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Workers’ Compensation Insurance: Legal Requirements in Florida

Workers’ compensation insurance is important no matter the size of your business. If someone gets injured on the job, workers’ comp is in place to protect both the employee and the business owner. For employees, getting hurt at work can be incredibly stressful—from the unknowns of the recovery process to the fears around what happens if they aren’t able to work.


Workers’ comp isn’t just important for employees, however. It can help protect business owners financially if an accident happens at work. While requirements vary from state to state, it’s still a good idea to have workers’ compensation insurance to help ensure you won’t need to pay out of pocket if an employee gets hurt.


Whether you’re a business owner or an employee in Florida, it’s important to understand the legalities behind workers’ comp. Who’s eligible for workers’ compensation and what are the legal requirements in Florida?

Who is eligible for workers’ compensation in Florida?

If a worker is injured on the job or becomes ill as a direct result of their job in Florida, they could be eligible for workers’ compensation. Workers who suffer from slip and fall accidents, auto accidents, getting struck by machinery, or falling from a height while on the job are all typically covered by workers’ comp. Additionally, illnesses or injuries that form over time—repetitive use injuries or toxic exposure—may also be covered.


Proof that the injury or illness was due to work is crucial for making a case. Workplace injuries are relatively straightforward—getting struck by heavy machinery, falling off of a roof, or tripping and falling over an unmarked uneven surface can be clearly linked to the job.


Workplace illnesses, on the other hand, may be a little more challenging to prove—though it is absolutely possible. For workers at chemical plants or in the agricultural industry who spend much of their time in contact with or in the same vicinity as a multitude of chemicals, it’s important to keep track of any visits to the doctor or emergency room that document possible symptoms of chemical exposure.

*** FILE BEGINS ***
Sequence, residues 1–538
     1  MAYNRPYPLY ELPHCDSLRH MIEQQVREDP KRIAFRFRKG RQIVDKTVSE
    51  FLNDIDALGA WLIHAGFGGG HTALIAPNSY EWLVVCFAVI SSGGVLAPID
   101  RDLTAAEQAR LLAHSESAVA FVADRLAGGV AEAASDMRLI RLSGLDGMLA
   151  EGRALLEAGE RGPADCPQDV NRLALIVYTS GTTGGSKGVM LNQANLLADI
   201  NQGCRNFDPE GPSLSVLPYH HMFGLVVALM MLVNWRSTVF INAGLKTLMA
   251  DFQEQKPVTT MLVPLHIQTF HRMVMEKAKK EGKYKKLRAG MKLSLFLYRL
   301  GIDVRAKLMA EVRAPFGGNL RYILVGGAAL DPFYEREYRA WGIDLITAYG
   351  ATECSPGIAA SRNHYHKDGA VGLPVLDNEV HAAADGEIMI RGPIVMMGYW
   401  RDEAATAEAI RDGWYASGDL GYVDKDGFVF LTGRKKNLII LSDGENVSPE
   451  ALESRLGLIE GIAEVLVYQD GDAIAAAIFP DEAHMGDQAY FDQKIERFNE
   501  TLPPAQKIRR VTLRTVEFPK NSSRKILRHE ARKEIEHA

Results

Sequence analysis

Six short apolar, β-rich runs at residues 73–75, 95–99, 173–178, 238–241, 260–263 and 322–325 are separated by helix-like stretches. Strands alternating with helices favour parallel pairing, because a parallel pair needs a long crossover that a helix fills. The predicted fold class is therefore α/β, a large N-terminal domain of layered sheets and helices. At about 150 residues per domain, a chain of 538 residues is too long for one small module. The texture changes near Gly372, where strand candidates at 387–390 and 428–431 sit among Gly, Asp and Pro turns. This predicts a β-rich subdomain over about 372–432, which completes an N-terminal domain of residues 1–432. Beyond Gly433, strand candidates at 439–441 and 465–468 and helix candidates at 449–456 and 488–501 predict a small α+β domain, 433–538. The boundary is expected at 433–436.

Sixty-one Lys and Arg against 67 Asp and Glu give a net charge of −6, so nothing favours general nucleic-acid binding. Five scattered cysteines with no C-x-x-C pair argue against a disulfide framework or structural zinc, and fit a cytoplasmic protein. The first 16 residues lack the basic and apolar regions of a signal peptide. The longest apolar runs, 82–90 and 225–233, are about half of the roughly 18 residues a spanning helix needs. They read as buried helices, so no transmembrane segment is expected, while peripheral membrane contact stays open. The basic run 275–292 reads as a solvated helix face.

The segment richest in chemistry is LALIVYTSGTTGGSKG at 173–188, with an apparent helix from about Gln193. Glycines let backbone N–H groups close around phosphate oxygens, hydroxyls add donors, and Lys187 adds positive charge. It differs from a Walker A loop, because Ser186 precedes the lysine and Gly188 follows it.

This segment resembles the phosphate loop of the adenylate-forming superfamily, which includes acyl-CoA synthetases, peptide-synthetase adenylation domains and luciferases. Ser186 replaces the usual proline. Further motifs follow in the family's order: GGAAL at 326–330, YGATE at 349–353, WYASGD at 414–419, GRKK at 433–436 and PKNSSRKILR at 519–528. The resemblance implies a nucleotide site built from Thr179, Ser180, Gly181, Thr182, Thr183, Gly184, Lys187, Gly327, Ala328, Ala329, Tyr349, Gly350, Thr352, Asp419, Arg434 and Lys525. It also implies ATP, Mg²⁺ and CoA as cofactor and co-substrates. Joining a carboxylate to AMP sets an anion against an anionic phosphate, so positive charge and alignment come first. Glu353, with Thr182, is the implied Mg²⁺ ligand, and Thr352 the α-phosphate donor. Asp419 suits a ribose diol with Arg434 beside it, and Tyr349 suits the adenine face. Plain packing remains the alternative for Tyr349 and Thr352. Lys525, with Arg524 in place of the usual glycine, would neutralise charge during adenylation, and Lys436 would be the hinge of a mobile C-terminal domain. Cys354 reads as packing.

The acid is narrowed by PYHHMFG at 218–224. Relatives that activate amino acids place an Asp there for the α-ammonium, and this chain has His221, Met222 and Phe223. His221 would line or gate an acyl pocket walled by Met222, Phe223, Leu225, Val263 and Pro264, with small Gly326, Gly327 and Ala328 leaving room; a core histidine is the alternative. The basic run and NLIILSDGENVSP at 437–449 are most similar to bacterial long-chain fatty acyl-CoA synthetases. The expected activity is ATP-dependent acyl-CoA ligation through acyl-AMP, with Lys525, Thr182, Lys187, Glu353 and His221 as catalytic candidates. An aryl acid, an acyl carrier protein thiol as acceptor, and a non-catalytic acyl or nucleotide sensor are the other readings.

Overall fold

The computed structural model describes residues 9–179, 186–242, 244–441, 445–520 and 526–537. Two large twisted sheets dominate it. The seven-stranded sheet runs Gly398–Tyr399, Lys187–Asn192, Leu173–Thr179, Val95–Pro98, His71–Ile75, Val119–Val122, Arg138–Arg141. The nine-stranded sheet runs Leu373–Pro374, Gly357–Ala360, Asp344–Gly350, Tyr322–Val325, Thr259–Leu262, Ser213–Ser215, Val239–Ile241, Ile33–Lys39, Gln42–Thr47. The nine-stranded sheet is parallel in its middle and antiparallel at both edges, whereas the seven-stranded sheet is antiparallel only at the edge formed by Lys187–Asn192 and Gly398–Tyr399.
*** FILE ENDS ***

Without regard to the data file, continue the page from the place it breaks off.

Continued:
For employees who are eligible and whose claims are approved, workers’ compensation can help cover the costs of medical bills, rehabilitation expenses, as well as any wages lost while being unable to work. If you’re a business owner in Florida, having workers’ compensation insurance can help prevent you from being required to pay these costs out of pocket if an employee gets injured on the job.

What are the coverage requirements for Florida workers’ compensation?

Workers’ compensation coverage requirements in Florida vary depending on the industry as well as the number of workers a company has. Though it may not always be required, no matter what line of work you’re in, workers’ compensation is typically the safest option.


Within the construction industry in Florida, companies with one or more employees are required to have workers’ compensation in place. For the agricultural industry, businesses who have six or more regular workers or twelve or more seasonal employees who work at least 30 days in a season or 45 days in the same calendar year must have workers’ compensation.  For any other industry, workers’ compensation is required for any company that has four or more employees.


Construction jobs may also have higher premiums than non-construction occupations. Because of the nature of construction work, the level of risk tends to be higher than with other jobs. Heavy machinery, heavy lifting, and working on a construction site all lend themselves to more opportunities for injury.

Ensuring compliance with Florida’s laws

Navigating the workers’ compensation process can be somewhat complex. For small businesses with less manpower, working with a PEO can be a good option. Professional employer organizations help you manage your workers’ compensation and ensure compliance with state laws. PEOs can also step in to help you automate payroll and manage human resource services.


Whether you’re an employee or business owner in Florida, keep these things in mind and consider putting workers’ compensation insurance in place to help protect you in the event of an accident.

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